Very Rare Sauropod Metacarpals - Marine Deposits, Morocco

This is an extremely unusual find that had us baffled for a while. These two (presumably) associated bones were part of a lot of vertebrate material we purchased from the phosphate mines near Khouribga, Morocco. The export of phosphate is one of Morocco's biggest exports and huge numbers of marine vertebrate fossils (Mosasaur, Plesiosaur, etc) are saved from the rock-crushers by locals and sold as a by-product of the mining operations.

Despite coming from marine deposits, these bones did not match any marine reptiles and were incorrectly labeled when they arrived. They appeared to be a pair of dinosaur metacarpals (toe bones), those of a Sauropod to be precise. Recently we came across the following article documenting, The first record of a sauropod dinosaur from the Late Cretaceous phosphates of Morocco. Bingo.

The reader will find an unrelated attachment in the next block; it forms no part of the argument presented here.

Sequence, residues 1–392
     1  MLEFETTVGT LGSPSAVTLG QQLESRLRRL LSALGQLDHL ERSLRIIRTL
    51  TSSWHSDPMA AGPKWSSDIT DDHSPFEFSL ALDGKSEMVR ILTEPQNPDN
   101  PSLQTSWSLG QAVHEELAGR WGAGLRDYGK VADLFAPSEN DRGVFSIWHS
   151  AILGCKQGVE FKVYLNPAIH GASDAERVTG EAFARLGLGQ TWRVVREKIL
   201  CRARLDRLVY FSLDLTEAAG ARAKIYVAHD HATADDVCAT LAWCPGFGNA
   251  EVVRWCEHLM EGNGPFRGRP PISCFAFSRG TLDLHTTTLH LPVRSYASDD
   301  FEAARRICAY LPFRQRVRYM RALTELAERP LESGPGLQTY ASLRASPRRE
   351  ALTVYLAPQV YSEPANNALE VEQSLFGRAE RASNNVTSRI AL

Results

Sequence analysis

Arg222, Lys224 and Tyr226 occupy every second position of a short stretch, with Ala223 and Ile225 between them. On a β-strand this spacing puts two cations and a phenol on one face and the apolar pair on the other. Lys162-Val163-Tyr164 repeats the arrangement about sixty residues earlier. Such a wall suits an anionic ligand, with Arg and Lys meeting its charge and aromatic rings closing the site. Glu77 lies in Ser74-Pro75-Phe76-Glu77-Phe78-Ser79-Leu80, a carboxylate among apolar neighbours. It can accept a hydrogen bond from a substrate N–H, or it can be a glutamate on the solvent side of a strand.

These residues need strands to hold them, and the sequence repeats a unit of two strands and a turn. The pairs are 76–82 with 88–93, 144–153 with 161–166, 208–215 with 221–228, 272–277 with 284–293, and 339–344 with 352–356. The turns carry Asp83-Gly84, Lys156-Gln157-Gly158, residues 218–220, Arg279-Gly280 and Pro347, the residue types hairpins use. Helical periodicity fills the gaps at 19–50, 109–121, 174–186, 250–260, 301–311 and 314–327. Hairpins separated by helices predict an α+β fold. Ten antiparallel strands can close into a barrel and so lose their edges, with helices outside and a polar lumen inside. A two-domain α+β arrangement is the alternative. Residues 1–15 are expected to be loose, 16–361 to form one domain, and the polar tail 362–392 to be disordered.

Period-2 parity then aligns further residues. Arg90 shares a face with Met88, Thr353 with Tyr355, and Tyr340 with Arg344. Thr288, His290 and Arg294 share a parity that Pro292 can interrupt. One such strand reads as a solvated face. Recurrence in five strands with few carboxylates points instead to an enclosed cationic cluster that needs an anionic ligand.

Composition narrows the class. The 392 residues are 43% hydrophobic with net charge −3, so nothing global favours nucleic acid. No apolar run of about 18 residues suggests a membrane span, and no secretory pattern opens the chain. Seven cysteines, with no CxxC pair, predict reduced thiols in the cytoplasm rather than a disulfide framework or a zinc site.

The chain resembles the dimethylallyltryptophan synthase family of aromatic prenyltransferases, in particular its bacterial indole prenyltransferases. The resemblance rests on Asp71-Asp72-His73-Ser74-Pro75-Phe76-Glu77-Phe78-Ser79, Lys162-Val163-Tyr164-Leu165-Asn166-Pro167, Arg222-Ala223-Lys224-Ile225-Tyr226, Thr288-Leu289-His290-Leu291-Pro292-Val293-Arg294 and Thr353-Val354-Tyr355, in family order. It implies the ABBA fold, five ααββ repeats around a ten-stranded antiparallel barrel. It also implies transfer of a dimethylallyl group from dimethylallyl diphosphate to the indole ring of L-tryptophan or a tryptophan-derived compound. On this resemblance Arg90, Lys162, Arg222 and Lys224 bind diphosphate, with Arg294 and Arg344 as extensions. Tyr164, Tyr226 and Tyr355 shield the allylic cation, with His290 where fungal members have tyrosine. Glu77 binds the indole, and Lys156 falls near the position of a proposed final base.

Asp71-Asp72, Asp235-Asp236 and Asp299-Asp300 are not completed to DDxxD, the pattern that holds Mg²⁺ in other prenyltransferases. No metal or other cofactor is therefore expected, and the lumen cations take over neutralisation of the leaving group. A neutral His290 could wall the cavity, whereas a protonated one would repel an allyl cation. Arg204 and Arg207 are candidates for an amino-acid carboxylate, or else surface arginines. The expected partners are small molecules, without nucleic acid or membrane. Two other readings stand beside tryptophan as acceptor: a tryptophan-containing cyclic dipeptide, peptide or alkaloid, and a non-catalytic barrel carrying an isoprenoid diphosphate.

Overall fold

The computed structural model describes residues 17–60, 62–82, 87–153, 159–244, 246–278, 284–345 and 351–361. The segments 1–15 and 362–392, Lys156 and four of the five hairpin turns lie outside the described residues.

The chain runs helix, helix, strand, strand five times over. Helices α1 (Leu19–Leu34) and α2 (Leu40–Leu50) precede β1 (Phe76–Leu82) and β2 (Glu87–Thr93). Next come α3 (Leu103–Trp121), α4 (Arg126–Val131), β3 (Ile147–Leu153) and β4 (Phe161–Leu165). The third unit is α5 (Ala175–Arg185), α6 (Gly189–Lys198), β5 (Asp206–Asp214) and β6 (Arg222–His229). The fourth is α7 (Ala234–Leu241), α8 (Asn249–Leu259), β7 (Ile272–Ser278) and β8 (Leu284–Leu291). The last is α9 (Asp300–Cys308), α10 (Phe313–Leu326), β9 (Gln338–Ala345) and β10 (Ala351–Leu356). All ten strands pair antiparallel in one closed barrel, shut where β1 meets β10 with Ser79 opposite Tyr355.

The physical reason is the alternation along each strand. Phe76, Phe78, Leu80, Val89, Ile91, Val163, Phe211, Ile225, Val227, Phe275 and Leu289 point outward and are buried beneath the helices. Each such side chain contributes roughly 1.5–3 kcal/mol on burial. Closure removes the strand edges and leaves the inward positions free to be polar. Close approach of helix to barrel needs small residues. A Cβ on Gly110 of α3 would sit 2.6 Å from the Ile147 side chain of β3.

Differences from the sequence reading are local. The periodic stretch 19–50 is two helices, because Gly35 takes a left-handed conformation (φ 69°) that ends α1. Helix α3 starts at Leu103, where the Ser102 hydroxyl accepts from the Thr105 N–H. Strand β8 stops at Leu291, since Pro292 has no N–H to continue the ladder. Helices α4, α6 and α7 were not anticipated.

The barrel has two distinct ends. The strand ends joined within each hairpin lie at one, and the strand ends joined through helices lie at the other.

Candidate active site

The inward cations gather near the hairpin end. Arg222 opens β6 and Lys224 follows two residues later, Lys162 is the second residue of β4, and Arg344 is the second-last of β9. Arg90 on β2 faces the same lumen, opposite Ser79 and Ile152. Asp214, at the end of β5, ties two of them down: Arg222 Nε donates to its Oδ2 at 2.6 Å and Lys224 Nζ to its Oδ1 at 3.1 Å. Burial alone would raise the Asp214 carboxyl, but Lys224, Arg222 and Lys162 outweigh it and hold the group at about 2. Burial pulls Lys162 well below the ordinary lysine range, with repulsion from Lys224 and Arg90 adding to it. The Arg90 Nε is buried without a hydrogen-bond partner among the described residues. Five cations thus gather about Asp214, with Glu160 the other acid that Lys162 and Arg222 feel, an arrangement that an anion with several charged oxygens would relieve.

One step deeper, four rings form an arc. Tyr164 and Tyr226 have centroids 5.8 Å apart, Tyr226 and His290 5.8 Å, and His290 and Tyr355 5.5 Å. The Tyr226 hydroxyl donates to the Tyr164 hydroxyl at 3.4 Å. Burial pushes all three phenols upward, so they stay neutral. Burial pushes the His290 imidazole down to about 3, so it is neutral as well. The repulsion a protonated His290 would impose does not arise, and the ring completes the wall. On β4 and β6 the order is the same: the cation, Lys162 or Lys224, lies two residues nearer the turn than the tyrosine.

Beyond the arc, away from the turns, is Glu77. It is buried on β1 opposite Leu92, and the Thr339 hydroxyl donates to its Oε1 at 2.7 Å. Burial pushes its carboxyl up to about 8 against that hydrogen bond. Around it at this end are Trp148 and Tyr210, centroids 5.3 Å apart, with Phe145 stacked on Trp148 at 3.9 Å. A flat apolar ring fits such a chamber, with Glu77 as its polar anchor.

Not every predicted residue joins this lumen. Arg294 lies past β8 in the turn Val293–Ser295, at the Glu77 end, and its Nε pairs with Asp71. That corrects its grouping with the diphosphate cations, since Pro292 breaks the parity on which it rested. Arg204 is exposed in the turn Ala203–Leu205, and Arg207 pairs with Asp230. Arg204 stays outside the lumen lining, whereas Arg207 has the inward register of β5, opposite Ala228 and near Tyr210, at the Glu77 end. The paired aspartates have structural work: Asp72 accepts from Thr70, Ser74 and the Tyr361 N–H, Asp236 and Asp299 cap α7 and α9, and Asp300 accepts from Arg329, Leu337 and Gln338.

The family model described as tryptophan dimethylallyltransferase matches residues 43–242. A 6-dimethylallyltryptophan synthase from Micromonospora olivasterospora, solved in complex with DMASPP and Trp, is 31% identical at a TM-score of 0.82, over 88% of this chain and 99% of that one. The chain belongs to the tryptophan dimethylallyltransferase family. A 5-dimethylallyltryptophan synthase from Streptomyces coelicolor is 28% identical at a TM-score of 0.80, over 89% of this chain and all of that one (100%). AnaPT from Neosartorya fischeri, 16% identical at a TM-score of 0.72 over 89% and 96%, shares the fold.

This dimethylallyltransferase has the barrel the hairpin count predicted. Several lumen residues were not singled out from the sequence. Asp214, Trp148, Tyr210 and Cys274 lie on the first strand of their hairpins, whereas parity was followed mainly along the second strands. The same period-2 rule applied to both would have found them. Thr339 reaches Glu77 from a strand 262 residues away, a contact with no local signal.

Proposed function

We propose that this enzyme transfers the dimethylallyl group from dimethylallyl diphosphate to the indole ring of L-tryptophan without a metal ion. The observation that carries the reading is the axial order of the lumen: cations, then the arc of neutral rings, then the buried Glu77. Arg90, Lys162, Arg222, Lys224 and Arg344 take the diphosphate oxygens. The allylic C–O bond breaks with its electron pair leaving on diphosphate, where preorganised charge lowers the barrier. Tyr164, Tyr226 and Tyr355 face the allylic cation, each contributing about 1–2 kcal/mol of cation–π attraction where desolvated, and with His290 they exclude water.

Suffice to say, this is an amazingly rare find. I have not heard of any other dinosaur material recovered from these deposits other than what is referenced in the article.

The bones are in excellent condition, one being 15.2" long and the other 13.4" There were already prepared when we got them, but we did a small amount of gap fill restoration to fill in repaired cracks.
Oulad Abdoun Basin, Khouribga, Morocco
Phosphate Deposits
13.4" long & 15.2"
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